The Annual General Meeting of the Essential Services Access Network will be held online on Wednesday 7 October 2020 at 1.15 pm. The AGM will be followed by a members network meeting, when the PSA will update members on the review of their Code of Practice.
As we start to think about how we respond to the
longer-term financial impacts of Covid-19, and linked
to that how we can best ensure that essential services
such as water, telecoms and energy are affordable for
citizens in the future, Sustainability First challenges us not
to fall into the trap of ‘group think’ and ‘collective failure of imagination’ when it comes to exploring the potential scenarios, options
and the solutions.
National poverty charity, Turn2Us has launched a Coronavirus appeal in association with the Telegraph. Funds raised through the appeal will provide crisis grants to help people who are unable to work and who need money to pay bills or make essential purchases; as well as helping expand their online and helpline services for the increasing number of people in need of them. Turn2Us has seen
an unprecedented surge in demand for their services since the onset of the Coronavirus pandemic.
A new programme of research, led by Fair By Design and the Money Advice Trust, explores the issue of inclusive design in credit, insurance, energy and other essential services markets. The Inclusive Design in Essential Services project will publish two reports in 2020 on how regulators and businesses can adopt inclusive design strategies in their work.
UKRN, with the FCA, Ofcom, Ofgem, Ofwat and CCWater, have worked together to develop a set of performance scorecards to measure the customer experience across key sectors. You can now access the scorecards for financial services, communications, energy, and water in one place – with consumer metrics covering service quality, price differentials and satisfaction levels.
ESAN is delighted to announce the appointment of Prof Cosmo Graham as the new Chair. Cosmo Graham is a Professor of Law at the Leicester Law School, University of Leicester and Director of the Consumer and Essential Services Unit. He is an expert in law and policy research into the regulation of essential services with a focus on the representation of the consumer interest, consumers in vulnerable circumstances and dispute resolution.
Members would like to thank Roger Darlington for his excellent work as Chair of ESAN over the last three years and wish him all the very best for the future.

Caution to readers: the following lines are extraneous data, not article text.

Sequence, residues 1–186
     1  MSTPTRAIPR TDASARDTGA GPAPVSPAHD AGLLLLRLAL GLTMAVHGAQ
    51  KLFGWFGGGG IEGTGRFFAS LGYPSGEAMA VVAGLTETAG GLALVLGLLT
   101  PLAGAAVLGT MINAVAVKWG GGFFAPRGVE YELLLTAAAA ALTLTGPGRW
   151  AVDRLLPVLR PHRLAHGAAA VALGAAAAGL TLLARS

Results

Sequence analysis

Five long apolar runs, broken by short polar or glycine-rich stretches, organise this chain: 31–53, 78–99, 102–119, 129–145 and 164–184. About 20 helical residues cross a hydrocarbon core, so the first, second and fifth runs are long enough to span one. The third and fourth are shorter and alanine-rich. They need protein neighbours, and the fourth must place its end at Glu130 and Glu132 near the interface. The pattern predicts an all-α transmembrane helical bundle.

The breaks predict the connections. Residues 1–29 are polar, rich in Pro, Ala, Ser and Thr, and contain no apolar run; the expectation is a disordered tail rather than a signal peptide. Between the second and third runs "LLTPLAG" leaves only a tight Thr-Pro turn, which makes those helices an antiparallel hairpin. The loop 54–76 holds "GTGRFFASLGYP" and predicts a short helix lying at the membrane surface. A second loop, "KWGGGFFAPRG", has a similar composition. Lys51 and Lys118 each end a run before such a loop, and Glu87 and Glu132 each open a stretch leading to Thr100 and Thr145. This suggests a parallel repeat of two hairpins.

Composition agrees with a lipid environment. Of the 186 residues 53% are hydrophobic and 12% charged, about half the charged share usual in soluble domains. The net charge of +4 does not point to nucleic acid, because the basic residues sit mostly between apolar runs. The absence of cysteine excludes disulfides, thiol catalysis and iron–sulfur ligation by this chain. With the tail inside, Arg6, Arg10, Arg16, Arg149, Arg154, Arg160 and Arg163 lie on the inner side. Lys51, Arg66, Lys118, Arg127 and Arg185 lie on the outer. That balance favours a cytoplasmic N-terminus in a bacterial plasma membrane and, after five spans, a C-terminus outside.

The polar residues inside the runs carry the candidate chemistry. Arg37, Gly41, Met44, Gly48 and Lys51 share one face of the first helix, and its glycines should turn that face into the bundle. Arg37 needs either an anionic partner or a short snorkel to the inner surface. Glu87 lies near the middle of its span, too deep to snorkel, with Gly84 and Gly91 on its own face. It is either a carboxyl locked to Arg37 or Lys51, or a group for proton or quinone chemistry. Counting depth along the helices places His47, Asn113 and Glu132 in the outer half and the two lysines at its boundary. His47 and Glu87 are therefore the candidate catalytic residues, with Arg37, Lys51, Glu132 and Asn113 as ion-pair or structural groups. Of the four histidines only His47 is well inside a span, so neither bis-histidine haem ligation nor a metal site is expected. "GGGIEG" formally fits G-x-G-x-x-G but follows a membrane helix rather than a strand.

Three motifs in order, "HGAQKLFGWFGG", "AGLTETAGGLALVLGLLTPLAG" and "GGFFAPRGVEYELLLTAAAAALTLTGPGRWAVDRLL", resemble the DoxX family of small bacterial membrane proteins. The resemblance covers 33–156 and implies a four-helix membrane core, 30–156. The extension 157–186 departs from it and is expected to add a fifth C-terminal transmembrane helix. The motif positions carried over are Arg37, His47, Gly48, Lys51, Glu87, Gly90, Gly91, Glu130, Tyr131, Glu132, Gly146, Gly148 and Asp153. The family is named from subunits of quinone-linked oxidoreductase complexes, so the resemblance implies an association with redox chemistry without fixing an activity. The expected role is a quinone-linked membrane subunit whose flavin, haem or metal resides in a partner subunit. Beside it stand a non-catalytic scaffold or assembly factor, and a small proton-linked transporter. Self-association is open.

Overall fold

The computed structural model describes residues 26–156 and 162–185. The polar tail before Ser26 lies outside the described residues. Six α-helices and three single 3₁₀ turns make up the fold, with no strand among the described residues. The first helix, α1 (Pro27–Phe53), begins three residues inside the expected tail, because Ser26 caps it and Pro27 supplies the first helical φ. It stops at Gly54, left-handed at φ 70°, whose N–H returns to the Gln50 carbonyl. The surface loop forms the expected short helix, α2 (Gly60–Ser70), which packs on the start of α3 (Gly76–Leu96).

ESAN Member, Toynbee Hall has returned to its original East End home after three years of renovation work. The new building hosts a new, free and permanent exhibition. The exhibition showcases Toynbee Hall’s contribution to some of the most defining moments in London’s social history over the last 134 years: from the role of co-founder Henrietta Barnett and former residents William Beveridge and Clement Attlee, up to the involvement of the Bengali Community and local innovators whose ideas still shape its work today. It also pays tribute to the work of Charles Booth and his ‘Inquiry into Life and Labour in London’, with a mural depicting one of the maps.
Toynbee Hall will kindly be hosting the ESAN AGM and members’ meeting on Tuesday, 16 October.
The Government has published a Green Paper setting out three principles for responding to the challenges and opportunities of modern consumer markets. Competition has a central role to play, working with regulation in the consumer interest. Consumers should be able to enjoy the benefits of modern technologies and business models, but with effective protections and redress if things go wrong.
The Government’s Domestic Gas and Electricity (Tariff Cap) Act became law on 19 July 2018. Following consultation, Ofgem set the initial cap at £1,137 per annum for a typical default tariff, dual fuel single rate customer, paying by direct debit and using a ‘typical amount’ of energy annually. The level of the cap has to be updated each April and October to reflect the latest estimated costs of supplying electricity and gas, including wholesale energy costs.
As from April 2019, the cap will rise by £117 per annum to take account of rising wholesale costs. Ofgem analysis found that despite the increase,
default tariff customers could be paying around £75 to £100 a year more on average for their energy had the default tariff cap not been introduced.